Congress should 'take swift, evidence-informed action' to stop gun violence, ABA president says
In the wake of recent mass shootings in a supermarket in Buffalo, New York, and at an elementary school in Uvalde, Texas, ABA President Reginald Turner is urging Congress “to take swift, evidence-informed action to dramatically reduce the threat and devastating impacts of gun violence.”
Turner sent a letter Wednesday to U.S. Sen. Chris Murphy, D-Conn., and Sen. John Cornyn, R-Texas, who lead the Senate Bipartisan Working Group on Gun Violence, citing data from the Gun Violence Archive showing that there were more than 60,000 incidents of gun violence in 2021. More than 45,000 of these incidents resulted in death.
While he said no single solution can stop what he calls an “escalating public health crisis,” Turner shared several of the ABA’s policies on gun violence that could help prevent similar incidents in the future. He contended that these measures would still respect rights that are protected by the Second Amendment.
They include the following:
• The ABA supports universal background checks. Turner pointed out that federal law requires background checks when firearms are purchased from a federally licensed dealer, but many guns are acquired through private, unlicensed sales.
• The ABA supports urging federal agencies to upload information into the National Instant Criminal Background Check System in a timely manner and Congress to appropriate funding to help states, territories and tribal governments determine eligibility for firearm purchases and share relevant records.
• The ABA supports restricting the sale and possession of assault weapons, unless they are used for military and law enforcement purposes. “An AR-15 has now become the weapon of choice for those seeking to inflict carnage on children in schools, people at movie theaters and worshippers at churches, synagogues, mosques and temples,” said Turner, who added that large capacity magazines and other devices that increase the lethality of weapons should also be prohibited or subject to strict regulations.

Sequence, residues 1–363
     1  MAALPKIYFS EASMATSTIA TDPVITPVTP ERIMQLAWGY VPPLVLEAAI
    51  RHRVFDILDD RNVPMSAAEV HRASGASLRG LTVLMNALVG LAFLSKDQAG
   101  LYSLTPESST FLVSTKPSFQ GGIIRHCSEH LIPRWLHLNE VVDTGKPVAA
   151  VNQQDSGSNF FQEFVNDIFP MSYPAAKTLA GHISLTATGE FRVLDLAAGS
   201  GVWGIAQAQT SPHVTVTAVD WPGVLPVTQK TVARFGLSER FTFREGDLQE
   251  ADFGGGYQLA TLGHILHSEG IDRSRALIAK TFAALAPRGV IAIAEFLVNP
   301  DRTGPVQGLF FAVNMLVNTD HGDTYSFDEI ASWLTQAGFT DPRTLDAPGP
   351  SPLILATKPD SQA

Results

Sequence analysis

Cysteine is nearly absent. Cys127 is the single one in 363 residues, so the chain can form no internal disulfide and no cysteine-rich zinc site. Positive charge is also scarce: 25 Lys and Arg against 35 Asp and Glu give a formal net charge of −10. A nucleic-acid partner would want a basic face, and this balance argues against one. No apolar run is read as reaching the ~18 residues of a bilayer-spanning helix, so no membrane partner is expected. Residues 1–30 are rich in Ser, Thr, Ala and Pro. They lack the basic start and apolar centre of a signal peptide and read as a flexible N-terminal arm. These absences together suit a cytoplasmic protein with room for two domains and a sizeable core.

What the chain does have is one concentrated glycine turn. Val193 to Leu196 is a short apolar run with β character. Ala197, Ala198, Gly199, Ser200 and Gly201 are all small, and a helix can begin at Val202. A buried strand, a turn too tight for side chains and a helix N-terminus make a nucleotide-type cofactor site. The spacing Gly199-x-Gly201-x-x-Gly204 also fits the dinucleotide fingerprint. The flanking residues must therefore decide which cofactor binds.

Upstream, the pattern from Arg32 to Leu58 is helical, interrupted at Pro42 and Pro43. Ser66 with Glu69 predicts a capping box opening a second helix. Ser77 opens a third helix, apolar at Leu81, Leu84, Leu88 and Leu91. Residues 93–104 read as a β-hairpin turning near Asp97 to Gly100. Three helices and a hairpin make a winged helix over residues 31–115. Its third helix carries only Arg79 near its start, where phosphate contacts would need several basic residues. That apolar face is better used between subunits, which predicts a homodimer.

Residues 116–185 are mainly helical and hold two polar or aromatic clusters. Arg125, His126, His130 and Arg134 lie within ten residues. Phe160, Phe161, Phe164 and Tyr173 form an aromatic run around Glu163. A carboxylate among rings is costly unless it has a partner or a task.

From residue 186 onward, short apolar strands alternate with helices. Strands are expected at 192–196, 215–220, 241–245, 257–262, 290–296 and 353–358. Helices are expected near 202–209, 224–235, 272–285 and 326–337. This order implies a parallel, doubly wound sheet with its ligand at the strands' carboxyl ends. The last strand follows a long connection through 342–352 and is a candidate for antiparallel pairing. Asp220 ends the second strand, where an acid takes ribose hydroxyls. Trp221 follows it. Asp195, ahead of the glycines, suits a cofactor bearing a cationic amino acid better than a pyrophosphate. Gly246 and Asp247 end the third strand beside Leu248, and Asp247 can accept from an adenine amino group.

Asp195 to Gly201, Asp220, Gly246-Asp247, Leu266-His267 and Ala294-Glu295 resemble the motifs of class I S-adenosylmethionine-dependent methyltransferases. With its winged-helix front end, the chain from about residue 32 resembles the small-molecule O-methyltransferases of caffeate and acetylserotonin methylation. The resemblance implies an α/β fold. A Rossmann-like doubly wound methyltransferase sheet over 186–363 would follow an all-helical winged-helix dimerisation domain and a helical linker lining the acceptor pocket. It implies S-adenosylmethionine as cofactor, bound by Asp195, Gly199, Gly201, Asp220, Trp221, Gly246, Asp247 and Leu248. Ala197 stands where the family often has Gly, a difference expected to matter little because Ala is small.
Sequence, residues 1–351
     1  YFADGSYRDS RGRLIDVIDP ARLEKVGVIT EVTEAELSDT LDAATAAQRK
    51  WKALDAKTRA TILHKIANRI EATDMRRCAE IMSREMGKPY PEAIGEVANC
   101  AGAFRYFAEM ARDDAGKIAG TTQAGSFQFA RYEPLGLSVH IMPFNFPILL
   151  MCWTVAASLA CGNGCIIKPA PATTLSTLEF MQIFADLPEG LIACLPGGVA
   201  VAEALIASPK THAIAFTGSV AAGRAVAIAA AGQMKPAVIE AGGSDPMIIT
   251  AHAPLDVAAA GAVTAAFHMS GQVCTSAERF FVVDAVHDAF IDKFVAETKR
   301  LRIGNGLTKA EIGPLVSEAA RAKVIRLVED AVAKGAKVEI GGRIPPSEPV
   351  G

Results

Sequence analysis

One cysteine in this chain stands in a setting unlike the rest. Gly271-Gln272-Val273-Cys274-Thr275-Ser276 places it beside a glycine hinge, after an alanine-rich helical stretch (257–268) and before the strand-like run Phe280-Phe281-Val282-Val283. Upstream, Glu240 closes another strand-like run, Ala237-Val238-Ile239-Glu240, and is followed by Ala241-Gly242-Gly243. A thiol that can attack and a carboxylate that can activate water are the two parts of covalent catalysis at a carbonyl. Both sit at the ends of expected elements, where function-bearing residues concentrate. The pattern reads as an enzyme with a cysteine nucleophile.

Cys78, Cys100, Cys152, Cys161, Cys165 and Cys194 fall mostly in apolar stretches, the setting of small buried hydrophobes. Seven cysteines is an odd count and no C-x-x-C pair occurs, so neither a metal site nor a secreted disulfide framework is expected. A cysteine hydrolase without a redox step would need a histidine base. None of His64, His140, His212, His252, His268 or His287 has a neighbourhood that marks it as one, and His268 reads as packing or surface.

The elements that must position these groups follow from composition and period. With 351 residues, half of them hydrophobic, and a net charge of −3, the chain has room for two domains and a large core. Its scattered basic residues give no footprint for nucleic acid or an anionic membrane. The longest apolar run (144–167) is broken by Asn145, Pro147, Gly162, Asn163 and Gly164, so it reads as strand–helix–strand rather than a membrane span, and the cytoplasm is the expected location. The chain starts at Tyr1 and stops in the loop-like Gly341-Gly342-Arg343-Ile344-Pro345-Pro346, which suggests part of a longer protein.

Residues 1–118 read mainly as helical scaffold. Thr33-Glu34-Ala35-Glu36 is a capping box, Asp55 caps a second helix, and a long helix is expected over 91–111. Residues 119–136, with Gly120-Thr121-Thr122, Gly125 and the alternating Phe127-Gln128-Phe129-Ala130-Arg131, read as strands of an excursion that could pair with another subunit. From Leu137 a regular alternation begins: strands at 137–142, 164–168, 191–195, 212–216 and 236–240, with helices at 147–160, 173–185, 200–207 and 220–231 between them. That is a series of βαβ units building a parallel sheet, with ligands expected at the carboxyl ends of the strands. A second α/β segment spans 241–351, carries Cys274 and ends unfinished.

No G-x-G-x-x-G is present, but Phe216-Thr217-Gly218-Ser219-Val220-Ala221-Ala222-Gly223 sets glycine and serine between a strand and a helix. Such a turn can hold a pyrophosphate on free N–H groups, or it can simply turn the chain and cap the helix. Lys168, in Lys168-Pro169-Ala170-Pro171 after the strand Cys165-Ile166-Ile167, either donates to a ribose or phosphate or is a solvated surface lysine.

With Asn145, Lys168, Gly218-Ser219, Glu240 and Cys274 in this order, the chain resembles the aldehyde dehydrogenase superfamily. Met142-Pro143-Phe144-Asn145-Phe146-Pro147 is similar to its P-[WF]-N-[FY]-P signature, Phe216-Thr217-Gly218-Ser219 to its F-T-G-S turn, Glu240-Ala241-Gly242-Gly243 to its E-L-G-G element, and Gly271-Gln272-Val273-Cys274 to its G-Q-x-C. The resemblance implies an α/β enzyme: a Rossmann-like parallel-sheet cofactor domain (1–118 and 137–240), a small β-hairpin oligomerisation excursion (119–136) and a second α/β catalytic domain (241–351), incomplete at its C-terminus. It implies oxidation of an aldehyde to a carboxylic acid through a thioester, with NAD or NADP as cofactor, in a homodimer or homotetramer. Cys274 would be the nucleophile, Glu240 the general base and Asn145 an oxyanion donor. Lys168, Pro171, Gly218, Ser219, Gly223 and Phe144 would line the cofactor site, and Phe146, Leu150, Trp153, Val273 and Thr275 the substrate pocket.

• The ABA supports repealing the Protection of Lawful Commerce in Arms Act of 2005, which provides immunity to gun dealers and manufacturers, and greater enforcement and oversight by the Bureau of Alcohol, Tobacco, Firearms and Explosives. Turner contended that the agency is currently without a director and sufficient resources.
• The ABA supports urging Congress to outline requirements for safe storage of firearms and help provide education on safe storage to firearm owners. “Without safe storage, individuals who are too dangerous to possess a gun, and may even be prohibited from legally acquiring one, frequently resort to stealing them from cars and homes,” Turner said.
• The ABA supports authorizing courts to temporarily remove firearms from people who are deemed to pose a danger to themselves or others through gun violence restraining orders.
Turner added that the U.S. Supreme Court’s 2008 decision in District of Columbia v. Heller determined that Second Amendment rights are not unlimited.
“Federal courts since Heller have upheld a broad range of gun law regulations that Heller made clear are constitutional,” he said. “These critical laws save lives—it has repeatedly been demonstrated that states with stronger gun control laws also have lower rates of gun violence.”
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